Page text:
When is a meeting an endorsement? When you’re black and dare to think for yourself.
Apparently a few black pastors earned the distinction of “sell out” for daring to meet with Republican presidential candidate Donald Trump this week. They are now accused of formally endorsing Trump simply because they were willing to listen to him speak and in return ask questions. Think about that. The outrage is at the fact that several black men and women dared to explore or even listen to a presidential candidate who is a white Republican.
These ministers are accused of being pawns, tokens, and, most unbelievably, prostitutes. No kidding!
Pastor Jamal Bryant of Justice or Else fame is quickly making a name for himself in his struggle to be a prominent community organizer. Pastor Bryant first called the 100 pastors who met with Trump “prostitutes” and then clarified, saying they were actually worse than prostitutes, “because prostitutes get money, and the 100 that went in there walked away with nothing. They did it for free.”
As an evangelical Christian who reads the Bible, I can find many glaring reasons not to endorse Donald Trump – a lack of integrity, a flippant regard for people, and pride that necessarily makes him the object of God’s opposition, to name a few. However, none of those reasons would stop me from agreeing to sit in a room and press him on his areas of deficit, if I were a minister. Mainstream media keeps giving him passes, so Lord knows someone’s got to challenge him.
But black America’s “fathers in the faith” were having none of that. Black America’s mouthpiece, Al Sharpton, even reemerged to offer “advice” and challenges to these uninformed black pastors who were willing to meet with Trump. At a press conference in New York, Rev. Sharpton warned them to not “let him off the hook,” going on to say, "I think it would be an insult to our community and an insult to the integrity of the cloth for them to have a story that he met with black preachers and didn't deal with the issues that affect those in their congregation. …”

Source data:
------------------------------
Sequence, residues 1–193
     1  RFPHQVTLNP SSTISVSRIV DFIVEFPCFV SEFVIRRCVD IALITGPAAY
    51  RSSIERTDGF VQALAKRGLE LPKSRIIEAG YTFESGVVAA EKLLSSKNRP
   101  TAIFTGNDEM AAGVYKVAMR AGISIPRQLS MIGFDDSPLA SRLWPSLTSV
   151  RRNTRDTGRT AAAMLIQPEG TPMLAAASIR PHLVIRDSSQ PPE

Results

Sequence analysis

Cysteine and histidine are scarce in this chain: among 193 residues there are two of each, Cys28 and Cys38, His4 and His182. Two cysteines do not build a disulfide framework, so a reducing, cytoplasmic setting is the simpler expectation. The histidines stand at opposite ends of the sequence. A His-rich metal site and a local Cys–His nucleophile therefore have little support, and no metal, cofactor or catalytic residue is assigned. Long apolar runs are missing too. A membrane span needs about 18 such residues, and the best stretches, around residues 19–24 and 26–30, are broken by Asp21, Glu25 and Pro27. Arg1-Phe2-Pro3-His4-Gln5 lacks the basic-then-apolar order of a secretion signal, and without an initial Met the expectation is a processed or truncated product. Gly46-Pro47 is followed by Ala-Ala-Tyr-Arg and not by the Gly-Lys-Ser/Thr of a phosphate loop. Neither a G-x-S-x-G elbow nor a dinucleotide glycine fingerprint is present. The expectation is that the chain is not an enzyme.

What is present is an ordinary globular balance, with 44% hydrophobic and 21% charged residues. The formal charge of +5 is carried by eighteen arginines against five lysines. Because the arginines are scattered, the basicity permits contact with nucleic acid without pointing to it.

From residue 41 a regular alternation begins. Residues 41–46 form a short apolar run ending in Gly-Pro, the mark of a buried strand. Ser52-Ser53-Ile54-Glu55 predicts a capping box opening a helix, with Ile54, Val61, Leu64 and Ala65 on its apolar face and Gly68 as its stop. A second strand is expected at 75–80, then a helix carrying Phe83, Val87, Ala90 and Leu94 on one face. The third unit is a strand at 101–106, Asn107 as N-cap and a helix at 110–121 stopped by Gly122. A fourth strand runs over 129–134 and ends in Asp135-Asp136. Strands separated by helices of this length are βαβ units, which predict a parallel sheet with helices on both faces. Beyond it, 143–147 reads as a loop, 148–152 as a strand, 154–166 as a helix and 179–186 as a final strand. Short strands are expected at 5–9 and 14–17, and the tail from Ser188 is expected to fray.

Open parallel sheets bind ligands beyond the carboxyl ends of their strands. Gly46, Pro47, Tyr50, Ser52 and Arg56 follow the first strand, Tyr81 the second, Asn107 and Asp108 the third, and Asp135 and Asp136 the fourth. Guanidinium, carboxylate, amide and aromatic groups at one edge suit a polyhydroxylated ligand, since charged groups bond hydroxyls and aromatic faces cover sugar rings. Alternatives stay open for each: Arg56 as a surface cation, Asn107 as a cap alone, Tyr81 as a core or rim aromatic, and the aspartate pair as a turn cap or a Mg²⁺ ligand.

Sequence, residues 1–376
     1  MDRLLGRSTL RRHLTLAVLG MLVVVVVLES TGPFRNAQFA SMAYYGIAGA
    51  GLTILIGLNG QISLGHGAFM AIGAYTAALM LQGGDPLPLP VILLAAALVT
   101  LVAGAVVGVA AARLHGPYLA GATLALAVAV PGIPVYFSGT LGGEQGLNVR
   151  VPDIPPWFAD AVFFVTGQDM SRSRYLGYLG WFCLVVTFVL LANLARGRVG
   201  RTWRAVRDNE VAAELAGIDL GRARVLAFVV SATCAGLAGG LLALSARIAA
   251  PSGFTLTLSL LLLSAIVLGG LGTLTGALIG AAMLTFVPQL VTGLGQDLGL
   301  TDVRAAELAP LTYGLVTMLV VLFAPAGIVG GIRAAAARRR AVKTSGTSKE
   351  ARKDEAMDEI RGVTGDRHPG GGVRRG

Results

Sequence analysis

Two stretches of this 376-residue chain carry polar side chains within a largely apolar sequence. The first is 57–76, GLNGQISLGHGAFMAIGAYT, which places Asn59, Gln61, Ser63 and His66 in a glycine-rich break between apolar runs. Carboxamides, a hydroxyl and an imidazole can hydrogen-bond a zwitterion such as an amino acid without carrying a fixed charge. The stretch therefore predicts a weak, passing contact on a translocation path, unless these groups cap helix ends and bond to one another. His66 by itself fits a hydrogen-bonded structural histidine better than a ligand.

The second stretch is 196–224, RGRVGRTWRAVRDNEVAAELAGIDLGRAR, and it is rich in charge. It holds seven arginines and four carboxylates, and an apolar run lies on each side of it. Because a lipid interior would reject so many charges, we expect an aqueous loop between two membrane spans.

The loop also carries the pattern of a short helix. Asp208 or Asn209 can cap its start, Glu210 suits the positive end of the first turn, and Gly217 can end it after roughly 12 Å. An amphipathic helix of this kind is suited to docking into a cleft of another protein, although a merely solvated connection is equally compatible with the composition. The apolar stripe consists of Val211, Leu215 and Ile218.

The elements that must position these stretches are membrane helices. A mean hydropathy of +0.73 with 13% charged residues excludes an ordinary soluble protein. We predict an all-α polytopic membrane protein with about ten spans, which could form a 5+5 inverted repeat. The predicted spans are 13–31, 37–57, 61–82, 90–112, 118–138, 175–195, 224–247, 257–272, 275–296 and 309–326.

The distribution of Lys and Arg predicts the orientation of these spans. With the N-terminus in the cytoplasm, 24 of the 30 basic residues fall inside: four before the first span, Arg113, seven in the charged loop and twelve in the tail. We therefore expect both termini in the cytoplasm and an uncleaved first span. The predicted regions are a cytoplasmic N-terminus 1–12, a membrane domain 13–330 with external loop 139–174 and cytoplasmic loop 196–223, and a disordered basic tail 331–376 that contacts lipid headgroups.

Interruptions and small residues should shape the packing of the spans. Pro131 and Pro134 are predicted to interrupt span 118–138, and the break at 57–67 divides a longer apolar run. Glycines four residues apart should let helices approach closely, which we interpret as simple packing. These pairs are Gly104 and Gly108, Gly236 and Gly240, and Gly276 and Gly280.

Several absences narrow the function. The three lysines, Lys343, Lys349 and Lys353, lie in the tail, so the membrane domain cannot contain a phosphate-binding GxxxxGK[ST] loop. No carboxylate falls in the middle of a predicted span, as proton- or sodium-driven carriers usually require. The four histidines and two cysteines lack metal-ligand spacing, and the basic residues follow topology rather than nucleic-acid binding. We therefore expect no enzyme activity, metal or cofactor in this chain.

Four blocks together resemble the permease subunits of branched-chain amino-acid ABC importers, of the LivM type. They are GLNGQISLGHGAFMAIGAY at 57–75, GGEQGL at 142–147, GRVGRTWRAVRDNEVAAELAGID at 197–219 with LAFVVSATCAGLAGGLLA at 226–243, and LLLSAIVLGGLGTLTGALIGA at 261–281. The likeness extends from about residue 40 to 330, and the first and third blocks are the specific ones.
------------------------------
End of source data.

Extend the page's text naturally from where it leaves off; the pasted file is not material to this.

Such heavy-handed language: "An insult to the integrity of the cloth"? So, publicly endorsing candidates who openly celebrate the destruction of black life isn’t an insult to our community? What about openly affirming the practice of homosexuality? Is that an insult to the cloth? C’mon! Rev. Sharpton knows as well as I do that for some who claim to be shepherds or pastors of the Lord’s people, it’s just a convenient title. Rev. Sharpton may be one of the best examples of that. When was the last time Rev. Sharpton taught a hard truth from the Bible? Or any truth, for that matter?
Prominent Bishop Paul S. Morton Sr. was subsequently granted more than one news segment over two days on CNN to enumerate all the reasons Trump is unqualified to be president and certainly unworthy of his endorsement. “I’m a kingdom representative. I represent the kingdom of God, so ‘Thy kingdom come, Thy will be done on earth as it is in heaven,'” Morton said to CNN’s Fredricka Whitfield. “What Donald Trump is representing right now – the insults, the degrading – is not what we’re all about,” he continued, determining that going to hear Trump wasn’t even worth his time, as he was not going to endorse him.
Again, such strong conviction! He called himself a “kingdom representative.” What a great responsibility! But has Bishop Morton only recently realized this? Where was all of this oversight and sharp vetting for President Obama? How is it that the ministers who have suddenly found their voice against the ungodliness they see in Trump largely ignored biblical inconsistencies in Obama? I mean, even after President Obama said he had “evolved” (code for “I can reveal who I really am”) on the idea of same-sex “marriage,” black pastors and clergy were still falling over themselves for a seat at the prayer breakfast or Easter celebration. Seriously – he believes sexual preference trumps religious conviction and black economic advancement and yet is still free to come into our churches and sing “Amazing Grace.” How does that happen? Because he is a Democrat, and he’s black, and there is no vetting or thinking required, of course. When it comes to politics, pop culture, and current events, black people don’t need to worry about thinking independently; all of that heavy lifting has been done for us.
As I see it, the problem is not that a group of pastors agreed to hear from Trump, and neither is the problem that other pastors find Trump unworthy of an endorsement. The problem is the public degradation that takes place when a black person dares to think independently. The problem is it’s embarrassingly obvious that the issues or character flaws some of these pastors who oppose the Trump meeting point out are the very things they have ignored and will continue to ignore in the candidates they are permitted to endorse. Think Hillary Clinton.